Lord of the Files - a landmark anthology - presents a breathtaking array of fiction, satire, drama, poetry, memoir, journalism and political debate about serving the public and working for the government in Ireland.
Selections are included from the works of Flann O’Brien & Myles na gCopaleen, Hugh Leonard, Maeve Binchy, John McGahern, Dennis O’Driscoll, Eavan Boland, Paul Durcan, Joseph O’Connor, Cathal O’Searcaigh, Kevin Myers, Olivia O’Leary, T.K. Whitaker, F.H. Boland, Michael D. Higgins, Seamus Heaney and W.B. Yeats. They, along with other well-known figures over the last one hundred years, join equally entertaining but less familiar authoris, and the mischievous cartoonists of Dublin Opinion.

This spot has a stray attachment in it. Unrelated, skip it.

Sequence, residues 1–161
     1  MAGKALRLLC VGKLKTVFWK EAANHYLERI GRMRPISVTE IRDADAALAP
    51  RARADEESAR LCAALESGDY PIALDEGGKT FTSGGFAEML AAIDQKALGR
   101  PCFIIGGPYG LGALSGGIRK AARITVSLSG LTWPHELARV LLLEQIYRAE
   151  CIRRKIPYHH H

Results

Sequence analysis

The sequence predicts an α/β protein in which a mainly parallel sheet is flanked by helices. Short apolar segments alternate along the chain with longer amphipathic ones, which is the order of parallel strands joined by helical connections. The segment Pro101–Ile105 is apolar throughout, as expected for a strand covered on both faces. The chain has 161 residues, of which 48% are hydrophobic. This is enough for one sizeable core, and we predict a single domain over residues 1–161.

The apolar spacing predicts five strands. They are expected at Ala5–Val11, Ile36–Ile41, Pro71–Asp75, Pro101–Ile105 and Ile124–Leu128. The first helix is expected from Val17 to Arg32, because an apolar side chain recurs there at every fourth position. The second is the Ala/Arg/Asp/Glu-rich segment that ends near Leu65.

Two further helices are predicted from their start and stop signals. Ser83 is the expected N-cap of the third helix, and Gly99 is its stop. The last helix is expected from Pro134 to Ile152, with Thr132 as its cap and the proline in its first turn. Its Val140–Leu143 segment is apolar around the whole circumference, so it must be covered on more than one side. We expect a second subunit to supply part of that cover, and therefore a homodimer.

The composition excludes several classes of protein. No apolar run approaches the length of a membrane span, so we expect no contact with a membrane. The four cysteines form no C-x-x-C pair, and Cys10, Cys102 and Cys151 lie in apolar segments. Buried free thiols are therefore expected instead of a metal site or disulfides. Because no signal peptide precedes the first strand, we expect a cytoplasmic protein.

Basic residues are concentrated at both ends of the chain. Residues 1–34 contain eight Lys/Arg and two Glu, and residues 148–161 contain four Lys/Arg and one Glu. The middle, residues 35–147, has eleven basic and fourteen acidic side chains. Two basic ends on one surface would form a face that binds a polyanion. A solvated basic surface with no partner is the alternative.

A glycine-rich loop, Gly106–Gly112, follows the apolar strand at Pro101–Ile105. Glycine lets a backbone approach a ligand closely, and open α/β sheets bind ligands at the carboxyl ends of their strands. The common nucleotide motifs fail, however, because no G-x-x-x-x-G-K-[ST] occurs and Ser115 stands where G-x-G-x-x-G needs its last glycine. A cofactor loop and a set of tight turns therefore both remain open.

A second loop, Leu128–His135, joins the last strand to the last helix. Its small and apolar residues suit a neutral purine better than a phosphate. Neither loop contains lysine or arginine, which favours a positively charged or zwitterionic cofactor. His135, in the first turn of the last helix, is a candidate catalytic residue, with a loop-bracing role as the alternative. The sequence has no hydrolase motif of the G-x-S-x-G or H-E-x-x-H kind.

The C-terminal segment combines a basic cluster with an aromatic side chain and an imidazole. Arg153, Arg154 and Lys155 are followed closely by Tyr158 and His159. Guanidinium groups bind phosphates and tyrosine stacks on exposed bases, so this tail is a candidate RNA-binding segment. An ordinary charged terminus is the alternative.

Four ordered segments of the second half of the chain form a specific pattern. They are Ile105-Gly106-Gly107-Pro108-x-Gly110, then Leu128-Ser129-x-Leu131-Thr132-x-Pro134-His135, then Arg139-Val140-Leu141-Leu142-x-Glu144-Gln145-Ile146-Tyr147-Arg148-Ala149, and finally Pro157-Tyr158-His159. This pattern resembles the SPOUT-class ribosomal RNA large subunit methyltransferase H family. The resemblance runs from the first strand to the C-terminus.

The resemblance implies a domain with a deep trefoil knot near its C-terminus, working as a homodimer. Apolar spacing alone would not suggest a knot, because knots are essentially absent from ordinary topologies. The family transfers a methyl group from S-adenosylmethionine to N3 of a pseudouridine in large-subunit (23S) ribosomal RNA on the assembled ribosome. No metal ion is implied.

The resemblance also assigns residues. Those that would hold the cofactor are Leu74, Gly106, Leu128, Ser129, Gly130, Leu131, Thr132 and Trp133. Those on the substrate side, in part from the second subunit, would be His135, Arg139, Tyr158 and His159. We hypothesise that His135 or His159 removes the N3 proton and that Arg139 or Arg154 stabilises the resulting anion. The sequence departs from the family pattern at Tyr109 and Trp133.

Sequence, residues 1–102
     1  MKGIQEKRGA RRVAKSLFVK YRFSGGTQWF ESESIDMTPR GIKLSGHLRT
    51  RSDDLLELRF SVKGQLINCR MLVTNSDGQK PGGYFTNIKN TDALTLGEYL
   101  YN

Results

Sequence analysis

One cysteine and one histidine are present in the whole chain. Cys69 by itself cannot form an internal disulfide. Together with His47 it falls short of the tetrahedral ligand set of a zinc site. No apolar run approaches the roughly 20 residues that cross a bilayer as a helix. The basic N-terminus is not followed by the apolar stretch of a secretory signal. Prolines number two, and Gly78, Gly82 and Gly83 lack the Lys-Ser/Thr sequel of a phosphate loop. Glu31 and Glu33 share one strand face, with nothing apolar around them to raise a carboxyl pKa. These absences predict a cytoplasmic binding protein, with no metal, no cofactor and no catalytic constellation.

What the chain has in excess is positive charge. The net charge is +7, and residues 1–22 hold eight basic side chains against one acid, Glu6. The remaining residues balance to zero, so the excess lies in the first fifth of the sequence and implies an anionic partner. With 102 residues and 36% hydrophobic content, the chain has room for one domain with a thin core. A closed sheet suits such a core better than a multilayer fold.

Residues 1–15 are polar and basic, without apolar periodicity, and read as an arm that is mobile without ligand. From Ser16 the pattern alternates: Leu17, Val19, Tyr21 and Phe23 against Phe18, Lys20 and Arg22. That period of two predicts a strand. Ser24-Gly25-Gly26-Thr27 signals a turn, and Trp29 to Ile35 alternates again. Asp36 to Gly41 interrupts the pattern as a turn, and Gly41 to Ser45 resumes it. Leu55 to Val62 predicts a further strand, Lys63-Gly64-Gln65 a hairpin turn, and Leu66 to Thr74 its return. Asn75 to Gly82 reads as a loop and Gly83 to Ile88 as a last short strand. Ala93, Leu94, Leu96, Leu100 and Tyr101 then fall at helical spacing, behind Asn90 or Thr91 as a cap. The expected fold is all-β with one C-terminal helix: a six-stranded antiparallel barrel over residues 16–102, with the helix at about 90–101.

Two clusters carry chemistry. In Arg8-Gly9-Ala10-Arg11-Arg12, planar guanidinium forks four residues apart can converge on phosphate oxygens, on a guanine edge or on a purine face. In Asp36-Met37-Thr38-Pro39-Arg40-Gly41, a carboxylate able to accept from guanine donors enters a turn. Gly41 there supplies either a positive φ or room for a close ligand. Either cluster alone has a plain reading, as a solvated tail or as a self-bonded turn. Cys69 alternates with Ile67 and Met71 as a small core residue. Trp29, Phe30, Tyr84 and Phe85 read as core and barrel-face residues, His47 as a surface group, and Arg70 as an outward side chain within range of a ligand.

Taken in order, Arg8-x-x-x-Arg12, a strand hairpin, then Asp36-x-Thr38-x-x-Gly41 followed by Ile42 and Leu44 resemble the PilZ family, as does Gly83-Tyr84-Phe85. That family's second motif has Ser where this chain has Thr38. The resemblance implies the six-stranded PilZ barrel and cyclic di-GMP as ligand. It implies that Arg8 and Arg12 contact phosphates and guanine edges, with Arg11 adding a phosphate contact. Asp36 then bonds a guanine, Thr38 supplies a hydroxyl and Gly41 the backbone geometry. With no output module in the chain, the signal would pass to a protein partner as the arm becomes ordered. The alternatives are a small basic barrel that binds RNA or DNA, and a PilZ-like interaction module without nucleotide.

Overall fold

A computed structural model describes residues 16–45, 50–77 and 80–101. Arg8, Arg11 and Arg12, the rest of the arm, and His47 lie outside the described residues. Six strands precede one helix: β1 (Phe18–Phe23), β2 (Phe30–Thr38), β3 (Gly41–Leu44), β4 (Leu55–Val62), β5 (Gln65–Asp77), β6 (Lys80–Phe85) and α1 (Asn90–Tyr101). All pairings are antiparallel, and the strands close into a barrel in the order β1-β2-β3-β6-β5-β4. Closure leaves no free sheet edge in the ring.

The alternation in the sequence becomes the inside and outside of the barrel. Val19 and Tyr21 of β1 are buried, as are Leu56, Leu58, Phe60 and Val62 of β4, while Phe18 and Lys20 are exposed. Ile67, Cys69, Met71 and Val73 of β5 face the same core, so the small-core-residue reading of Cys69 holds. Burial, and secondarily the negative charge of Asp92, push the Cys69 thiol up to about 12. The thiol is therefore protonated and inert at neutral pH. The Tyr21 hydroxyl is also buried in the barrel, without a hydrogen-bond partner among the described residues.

These writers capture the public service from inside and out: the personal milestones such as entering and leaving the service; and the ceaseless flow of work-a-day routine. They present the real-life difficulties - and dangers - of frontline service; the self-fulfilment and the frustrations of work; the ingenuity of achievement along with baffling bureaucracy and officialese; and the interaction between officials and ministers. The final chapter showcases the relationship between literary writers and the public service — our Literary Estate.
This is a book about people - both those who provide and those who receive the state services that are a crucial part of our lives. The tone of the writing is humorous, humane, colourful and poignant. Full of fascinating detail, the anthology is a marvellous human history of life in Ireland.
The public service is often subject to criticism, and those who work in it frequently regarded as ‘souls on ice’. Lord of the Files moves beyond the stereotype - it presents the public service with a human face.